Ancient Rome can work wonders for modern Britons: The language of ancient Rome can work wonders for the literacy skills of modern Britons, says Susan Elkin

Click to follow
The Independent Online
THEY did not teach us English at my traditional grammar school. Or at least, not in the sense that it is now prescribed in the national curriculum, as 'knowledge about language', nor in the style of the national curriculum proposals for English, with their greater emphasis on spelling, punctuation and syntax. Our English lessons were spent almost entirely on literature and creative writing. Learning about English took place in Latin lessons, and what a sound basis it was.

Latin teaches or reinforces understanding of the parts of speech through its case, declension and conjugation structure. Very few of my present pupils have more than the haziest understanding of the functional difference between a noun and a verb, even in a simple example such as: 'Shall we take a walk?' and 'I walk to school'. That means there is no commonly understood vocabulary for discussing potential problems such as practice/practise or who/whom. And try explaining to a mainstream English class today that 'lain' is the past participle of the verb 'to lie'. The result of this ignorance is that the accuracy of spoken and written English spirals downwards.

We learnt how to construct grammatically sound sentences. Each must have a finite verb, usually a subject and often an object, along with one or more dependent clauses and so on. Some Latin syntactic structures are directly transferable into English - 'I saw the man to be very tall' (accusative and infinitive) - in spite of some English teachers' condemnatory arguments. Even where the constructions do not work in English, analysis of them teaches accuracy and attention to detail, as well as knowledge about the way language works.

What about spelling? English is a frustratingly difficult language to spell. Very often, however, the spellings of thousands of Latin-derived English words can be clarified by learning the origin of the word. For example, words that originate in first-conjugation Latin verbs usually have an 'a' - as in culpable, duplicate and ambulance. Second-conjugation verbs always have 'e' in the stem, as in sedentary, apparent and deterrent. You do not need to be an advanced Latin scholar to have a basic grasp of all this.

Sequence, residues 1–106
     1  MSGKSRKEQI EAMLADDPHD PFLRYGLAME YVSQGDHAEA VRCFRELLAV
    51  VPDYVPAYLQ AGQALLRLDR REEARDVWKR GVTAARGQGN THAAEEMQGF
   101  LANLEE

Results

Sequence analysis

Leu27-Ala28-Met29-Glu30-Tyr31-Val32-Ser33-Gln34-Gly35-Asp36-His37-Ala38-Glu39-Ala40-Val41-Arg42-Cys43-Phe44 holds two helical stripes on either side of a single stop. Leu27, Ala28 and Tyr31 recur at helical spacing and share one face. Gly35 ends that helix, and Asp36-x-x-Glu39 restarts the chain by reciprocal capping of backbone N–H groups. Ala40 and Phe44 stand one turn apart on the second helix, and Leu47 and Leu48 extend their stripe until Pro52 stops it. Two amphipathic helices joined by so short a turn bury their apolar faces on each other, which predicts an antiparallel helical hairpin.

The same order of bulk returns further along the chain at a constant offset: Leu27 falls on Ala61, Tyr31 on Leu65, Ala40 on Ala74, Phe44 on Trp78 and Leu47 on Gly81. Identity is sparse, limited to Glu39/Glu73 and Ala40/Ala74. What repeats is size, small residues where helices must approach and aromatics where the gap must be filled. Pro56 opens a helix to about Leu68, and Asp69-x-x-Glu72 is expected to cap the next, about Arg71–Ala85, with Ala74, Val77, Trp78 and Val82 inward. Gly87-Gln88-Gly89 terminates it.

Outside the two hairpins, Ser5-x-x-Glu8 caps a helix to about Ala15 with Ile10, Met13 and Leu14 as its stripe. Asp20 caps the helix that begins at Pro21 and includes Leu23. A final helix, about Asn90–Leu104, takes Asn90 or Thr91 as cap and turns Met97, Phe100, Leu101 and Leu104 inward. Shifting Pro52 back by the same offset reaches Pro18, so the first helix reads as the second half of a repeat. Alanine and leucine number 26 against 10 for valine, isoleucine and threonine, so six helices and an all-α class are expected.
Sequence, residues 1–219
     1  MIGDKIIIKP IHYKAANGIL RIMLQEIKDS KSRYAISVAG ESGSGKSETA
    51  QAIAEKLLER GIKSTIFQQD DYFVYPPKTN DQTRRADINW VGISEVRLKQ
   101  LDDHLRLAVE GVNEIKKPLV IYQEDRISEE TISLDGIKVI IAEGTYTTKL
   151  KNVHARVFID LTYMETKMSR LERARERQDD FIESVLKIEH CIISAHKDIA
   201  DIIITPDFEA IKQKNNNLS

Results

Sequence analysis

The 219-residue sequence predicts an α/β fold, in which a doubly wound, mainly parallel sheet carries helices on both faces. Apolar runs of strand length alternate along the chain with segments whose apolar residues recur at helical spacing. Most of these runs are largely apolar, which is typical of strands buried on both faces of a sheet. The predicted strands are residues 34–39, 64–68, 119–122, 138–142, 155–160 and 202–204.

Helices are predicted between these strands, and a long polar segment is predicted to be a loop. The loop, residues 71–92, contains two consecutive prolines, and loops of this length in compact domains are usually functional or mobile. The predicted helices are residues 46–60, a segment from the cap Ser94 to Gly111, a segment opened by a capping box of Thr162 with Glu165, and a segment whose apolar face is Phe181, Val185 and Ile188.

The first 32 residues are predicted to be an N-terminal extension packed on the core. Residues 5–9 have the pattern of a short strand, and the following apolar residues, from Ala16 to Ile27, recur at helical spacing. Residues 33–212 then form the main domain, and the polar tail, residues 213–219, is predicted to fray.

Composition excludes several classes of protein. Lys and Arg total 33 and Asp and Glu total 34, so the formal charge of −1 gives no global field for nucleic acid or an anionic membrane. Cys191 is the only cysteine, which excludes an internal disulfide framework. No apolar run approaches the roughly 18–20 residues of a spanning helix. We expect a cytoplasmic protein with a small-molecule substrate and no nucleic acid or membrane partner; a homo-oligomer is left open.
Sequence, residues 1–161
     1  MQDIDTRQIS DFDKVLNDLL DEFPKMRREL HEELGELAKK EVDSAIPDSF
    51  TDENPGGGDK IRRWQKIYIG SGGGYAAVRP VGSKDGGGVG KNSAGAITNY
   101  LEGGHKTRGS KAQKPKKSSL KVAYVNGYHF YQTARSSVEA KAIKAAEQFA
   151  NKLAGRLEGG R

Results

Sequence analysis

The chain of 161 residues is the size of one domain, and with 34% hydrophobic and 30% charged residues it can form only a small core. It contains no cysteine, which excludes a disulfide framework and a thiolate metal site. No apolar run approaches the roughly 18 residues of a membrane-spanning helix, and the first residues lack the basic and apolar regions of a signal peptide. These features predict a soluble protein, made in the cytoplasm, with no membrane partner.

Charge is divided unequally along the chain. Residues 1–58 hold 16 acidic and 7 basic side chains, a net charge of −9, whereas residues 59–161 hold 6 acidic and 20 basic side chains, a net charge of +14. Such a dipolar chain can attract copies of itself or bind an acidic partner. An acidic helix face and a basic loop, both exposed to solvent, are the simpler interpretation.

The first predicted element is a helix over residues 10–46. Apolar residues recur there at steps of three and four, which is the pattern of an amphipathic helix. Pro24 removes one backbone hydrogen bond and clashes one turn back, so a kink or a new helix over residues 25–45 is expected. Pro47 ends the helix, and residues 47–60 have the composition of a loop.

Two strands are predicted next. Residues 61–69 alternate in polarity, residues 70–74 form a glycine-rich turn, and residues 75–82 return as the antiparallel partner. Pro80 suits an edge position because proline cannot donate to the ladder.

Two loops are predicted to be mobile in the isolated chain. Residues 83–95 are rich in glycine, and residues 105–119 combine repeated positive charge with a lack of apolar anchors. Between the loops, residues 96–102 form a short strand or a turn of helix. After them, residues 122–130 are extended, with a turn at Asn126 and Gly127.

My O-level Latin course improved my spelling, and I am sure it could do the same for many of today's pupils if they were given a year or two of Latin. It is hard indeed to learn the capricious ways of English spelling without any kind of hook on which to hang the learning.

The joy of unravelling the rich vocabulary of English and its history is lost if pupils have no knowledge of its sources. Latin is a prime source. Consider 'scribble', 'scribe', 'script', 'manuscript', 'inscribe'/'inscription', 'prescribe'/'prescription', and so on, which come from the Latin 'to write' - scribo, scribere, scripsi, scriptum. A child who has been taken through this group and helped to see how the words interrelate, perhaps setting them against those from the Greek graphos and the old English writan, is really beginning to learn about his or her language.

Latin is also a wonderful tool for vocabulary extension. I well recall first encountering 'hostile', 'amatory' and 'valediction' among hundreds of other words in Latin classes as the teacher strove to relate Latin to our own language. Today I occasionally teach the delicious patterning of Latinate word groups in English lessons. We might look at 'regicide', 'patricide', 'suicide' or 'canine', 'feline', 'lupine', but it is a thin substitute for the pupils having enhancing vocabulary drummed into them several times a week.

Because Latin was the language of our most powerful institutions - the church, the law and the universities - fragments of it are all around us. We put PS at the foot of our letters whether they are written at 11 am or 11 pm in this year of 1993 AD. Students use nb, eg, ie. Doctors perform post mortems and write 'per nocte' on sleeping-pill prescriptions. I try to remain compos mentis while not getting caught in flagrante delicto and if I am well, nil desperandum. My salary is assessed per annum and as a teacher I often have to stand in loco parentis. Latin a 'dead' language? Absurd.

Today's pupils should be taught some Latin: I can think of no surer way of effecting an improvement in knowledge and handling of English in the young. Sadly, Latin is gradually disappearing from state schools. The national curriculum is displacing it. Only about 15,000 candidates now take the subject at GCSE; in the Sixties it was 47,000. We are already paying the price: those who bewail the low standards of English in school leavers should be campaigning for the restoration of Latin.

The writer teaches English at a high school in the home counties